The worldwide COVID lockdown period was definitely a devastatingly impactful experience to go through. From crowded hospitals to restrained freedom of movement, the period showed us a world that was nowhere near a normal lifestyle. Diwa Shah’s minimalistic feature, Bahadur the Brave (2023), covers such spaces that go right into the life of two men with different outcomes.
Bahadur the Brave starts with Hansi witnessing a man being punished for breaking the law of lockdown in the middle of the street. What stuns Hansi at that moment is the feeling of guilt as Hansi, too, violates the law. Illegal walks are prohibited as part of the lockdown regulations, and Hansi works as a ‘carry man’ to deliver groceries around town. In Hindi literature, Bahadur carries the meaning of being a brave servant, commonly used as a term by locals to address Nepali helpers.
We see the community rushing into stores to secure their grocery list while Bahadur takes that as his ultimate opportunity to earn. He places a price for the service he delivers, with a hike due to the demand. At this point, the film shows the plight of laborers to gain money through any possible means. This aspect follows the track of the 2022 film Harka by Lotfy Nathan, which portrays the dilemma of laborers. Besides, the situation is such that laborers are also downsized due to the pandemic complications. This further worsens the laborers’ livelihood.
Hansi is not alone among the circle of frustrated laborers. Dil Bahadur, who happens to be Hansi’s brother-in-law, is part of the Nepali workers in the heart of Nainital, India. Dil Bahadur projects a man of integrity through his assertive body language. Younger in age but resilient at his job, Dil Bahadur gives the aura of an individual who knows what he is doing. A call for Dil Bahadur to fill a vacant spot as a construction worker in Haldwani catches the attention of Hansi. The decision-making process of Hansi to acquire more jobs and its outcome summarizes the film’s plot.
One of the highlights of this film is the sneaky ways of Hansi to grab as much money/payment as he can throughout the period. For instance, Hansi stops a man from picking up fallen banknotes on the ground by claiming that the virus infects the notes. In this scene, we can observe the desperation of Hansi to attain money, even if it is not the righteous way. In another scene, Hansi is caught by Dil Bahadur in his hostel room with a bandage around his foot. Hansi claims he has fallen into a ditch while heading to the bus to return to Nepal. However, Hansi starts running steadily upon hearing a work offer being announced from afar.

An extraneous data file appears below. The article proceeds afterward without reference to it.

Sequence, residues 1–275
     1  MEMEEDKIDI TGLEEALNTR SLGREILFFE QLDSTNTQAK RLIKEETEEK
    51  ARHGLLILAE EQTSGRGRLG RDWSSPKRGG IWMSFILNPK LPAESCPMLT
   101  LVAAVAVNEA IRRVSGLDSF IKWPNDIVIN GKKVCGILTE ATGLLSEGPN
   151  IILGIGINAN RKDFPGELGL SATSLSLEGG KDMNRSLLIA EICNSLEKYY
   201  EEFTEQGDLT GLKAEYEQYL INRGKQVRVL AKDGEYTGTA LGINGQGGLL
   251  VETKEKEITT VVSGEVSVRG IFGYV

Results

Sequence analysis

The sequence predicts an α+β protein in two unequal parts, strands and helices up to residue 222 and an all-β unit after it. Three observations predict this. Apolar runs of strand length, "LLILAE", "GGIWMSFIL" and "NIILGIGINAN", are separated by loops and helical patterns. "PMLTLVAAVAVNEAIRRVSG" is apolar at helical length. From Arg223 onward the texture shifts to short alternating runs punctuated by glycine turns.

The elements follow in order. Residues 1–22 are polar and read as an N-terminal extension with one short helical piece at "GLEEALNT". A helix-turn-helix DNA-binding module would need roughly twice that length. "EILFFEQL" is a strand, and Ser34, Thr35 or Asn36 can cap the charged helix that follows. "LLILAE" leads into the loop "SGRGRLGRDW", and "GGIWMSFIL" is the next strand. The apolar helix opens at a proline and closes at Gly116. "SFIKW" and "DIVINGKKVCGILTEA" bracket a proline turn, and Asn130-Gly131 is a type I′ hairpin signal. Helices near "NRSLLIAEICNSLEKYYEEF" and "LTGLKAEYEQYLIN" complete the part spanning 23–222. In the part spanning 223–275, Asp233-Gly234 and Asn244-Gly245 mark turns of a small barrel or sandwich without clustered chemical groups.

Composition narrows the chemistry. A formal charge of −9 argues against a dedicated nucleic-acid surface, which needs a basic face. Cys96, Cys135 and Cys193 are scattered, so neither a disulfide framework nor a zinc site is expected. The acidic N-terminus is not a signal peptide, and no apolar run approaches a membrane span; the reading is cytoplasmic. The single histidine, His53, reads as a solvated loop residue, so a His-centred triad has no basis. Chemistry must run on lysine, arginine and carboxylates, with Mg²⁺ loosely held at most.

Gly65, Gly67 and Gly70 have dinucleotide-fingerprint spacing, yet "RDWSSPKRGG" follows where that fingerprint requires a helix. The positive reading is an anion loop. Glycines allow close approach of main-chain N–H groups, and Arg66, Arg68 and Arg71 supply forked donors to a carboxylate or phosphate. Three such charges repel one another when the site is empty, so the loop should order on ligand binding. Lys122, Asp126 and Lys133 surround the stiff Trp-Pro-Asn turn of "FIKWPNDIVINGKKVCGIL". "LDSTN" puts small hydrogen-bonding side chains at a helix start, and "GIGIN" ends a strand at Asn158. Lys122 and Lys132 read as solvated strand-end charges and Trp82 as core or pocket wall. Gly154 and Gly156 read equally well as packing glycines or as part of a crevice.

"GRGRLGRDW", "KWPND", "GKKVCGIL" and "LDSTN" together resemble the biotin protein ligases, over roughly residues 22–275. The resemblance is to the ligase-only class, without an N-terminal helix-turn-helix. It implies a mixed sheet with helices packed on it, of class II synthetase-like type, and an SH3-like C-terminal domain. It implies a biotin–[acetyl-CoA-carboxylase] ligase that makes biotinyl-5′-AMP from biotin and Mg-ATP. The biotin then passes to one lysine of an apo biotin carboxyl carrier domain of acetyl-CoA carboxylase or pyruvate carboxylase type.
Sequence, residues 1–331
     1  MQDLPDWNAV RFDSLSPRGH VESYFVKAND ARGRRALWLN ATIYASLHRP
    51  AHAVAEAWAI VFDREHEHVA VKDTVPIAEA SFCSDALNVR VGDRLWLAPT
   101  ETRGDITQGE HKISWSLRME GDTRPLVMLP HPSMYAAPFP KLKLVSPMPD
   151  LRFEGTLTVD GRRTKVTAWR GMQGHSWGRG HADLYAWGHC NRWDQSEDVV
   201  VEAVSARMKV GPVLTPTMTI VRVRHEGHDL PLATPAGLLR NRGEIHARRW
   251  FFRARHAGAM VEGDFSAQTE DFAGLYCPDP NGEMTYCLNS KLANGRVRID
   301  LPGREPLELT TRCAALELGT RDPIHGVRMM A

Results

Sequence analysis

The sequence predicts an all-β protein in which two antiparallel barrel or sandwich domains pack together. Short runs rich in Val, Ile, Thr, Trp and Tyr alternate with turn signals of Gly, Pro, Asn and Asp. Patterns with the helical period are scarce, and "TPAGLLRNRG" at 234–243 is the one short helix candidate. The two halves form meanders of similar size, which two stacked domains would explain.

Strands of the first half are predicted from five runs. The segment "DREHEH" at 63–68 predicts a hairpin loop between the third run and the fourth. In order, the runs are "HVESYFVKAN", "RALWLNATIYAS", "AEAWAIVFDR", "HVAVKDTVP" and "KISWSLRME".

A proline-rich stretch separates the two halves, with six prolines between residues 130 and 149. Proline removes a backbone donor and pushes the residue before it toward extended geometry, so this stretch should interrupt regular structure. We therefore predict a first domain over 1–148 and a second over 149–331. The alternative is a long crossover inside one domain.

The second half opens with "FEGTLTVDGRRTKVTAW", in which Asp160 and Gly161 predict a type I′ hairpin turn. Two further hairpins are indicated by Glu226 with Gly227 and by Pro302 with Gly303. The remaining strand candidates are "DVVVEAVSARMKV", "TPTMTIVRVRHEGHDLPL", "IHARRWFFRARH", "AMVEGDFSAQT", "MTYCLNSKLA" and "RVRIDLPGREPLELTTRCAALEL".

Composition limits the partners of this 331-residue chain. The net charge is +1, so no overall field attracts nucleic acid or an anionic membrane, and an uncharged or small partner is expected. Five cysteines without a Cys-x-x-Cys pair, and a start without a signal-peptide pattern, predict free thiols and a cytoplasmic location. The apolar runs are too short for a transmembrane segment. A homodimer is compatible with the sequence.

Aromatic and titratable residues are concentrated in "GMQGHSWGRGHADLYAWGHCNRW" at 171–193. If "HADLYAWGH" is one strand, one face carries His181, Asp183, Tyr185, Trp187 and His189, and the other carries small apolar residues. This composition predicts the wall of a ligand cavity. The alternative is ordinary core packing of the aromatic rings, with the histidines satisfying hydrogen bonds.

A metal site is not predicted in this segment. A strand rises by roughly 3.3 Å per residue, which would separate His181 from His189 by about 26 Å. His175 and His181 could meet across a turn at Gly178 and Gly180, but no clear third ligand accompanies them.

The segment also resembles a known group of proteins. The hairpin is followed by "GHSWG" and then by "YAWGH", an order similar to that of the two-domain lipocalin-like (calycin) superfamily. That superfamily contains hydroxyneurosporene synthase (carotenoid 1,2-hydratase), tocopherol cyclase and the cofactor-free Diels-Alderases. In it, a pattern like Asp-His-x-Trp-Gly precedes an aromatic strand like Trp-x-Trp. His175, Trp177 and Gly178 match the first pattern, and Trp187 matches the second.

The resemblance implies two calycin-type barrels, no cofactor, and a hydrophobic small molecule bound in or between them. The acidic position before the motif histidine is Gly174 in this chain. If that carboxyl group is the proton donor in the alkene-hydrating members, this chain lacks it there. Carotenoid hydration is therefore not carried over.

We can witness the contrasting nature of both men in terms of understanding and responsibility. Dil Bahadur takes care of the needs of Hansi all the time. He devotes his time to Hansi whenever there is a hurdle or a problem. Dil Bahadur is against the negative change within Hansi, which is evident in the scene when Dil Bahadur declines to count Hansi’s money from his cleaning job. Dil Bahadur throws the chunk of banknotes on the ground for Hansi to pick up for lying. Yet, he gradually cools down after joking with Hansi to spot the fool sign on his forehead for accepting his lies. The patience that has structured Hansi and Dil Bahadur has made them take things lightly.
Hansi’s desperation for money originates from the need to pay for his son’s stomach operation back in Nepal. Losing funds due to breaking lockdown rules and the shortage of laborers have made Hansi transform himself indefinitely. However, Hansi’s recklessness in terms of savings and performing his duties has projected him as a man who is not as intellectual as Dil Bahadur. Moreover, Hansi faces difficulties in understanding spoken Hindi while communicating with the villagers. Hansi’s lack of comprehension always ends the conversation on a funnier note. The darker side of this aspect is that it marks Hansi as an unwise person by some in the community.
On the other hand, Dil Bahadur constantly reminds Hansi to be aware of his wife, Shanti ( Dil Bahadur’s sister), who awaits him in Nepal. Hansi’s constant urge to work has stopped him from returning to Nepal to spend time with his family. Therefore, Dil Bahadur seems to be the advisor for Hansi, who understands his desire to live a normal life. Yet, Hansi doesn’t show much of the same concern towards Dil Bahadur at times of need. There’s something that hinders Hansi from sharing his genuine feelings about his behavior.
The sufferings of younger generations are shown in a scene where a Nepali boy constantly asks the officer to allow him to cross the border. “Let’s swim back home,” uttered by the kid to Dil Bahadur along a river on the border, can make us giggle, but it does have a deeper meaning to it. Parents of students expressing their dissatisfaction with the new teaching mode in schools have also raised a red flag. Online classes have made students dislike the syllabus, which burdens their parents to ponder their future.
Bahadur the Brave, which was nominated at the 2023 San Sebastian Film Festival, won the prestigious Kutxabank New Directors Award. Director Diwa Shah delivers a film exquisitely focusing on the condition of Nepali workers and their surrounding community in a restricted state. Her focus on the technicality of COVID complications and less on emotional trajectory has made the film represent multiple core points on survival mechanisms. The labor crisis, the unsafe working conditions of workers, the difficulties of travel, and the border crossover issues are all emphasized promptly in this film. The peculiar stare of Hansi shifts to a different platform at the climax of the film that speaks louder than words. Hansi is, in fact, changed forever.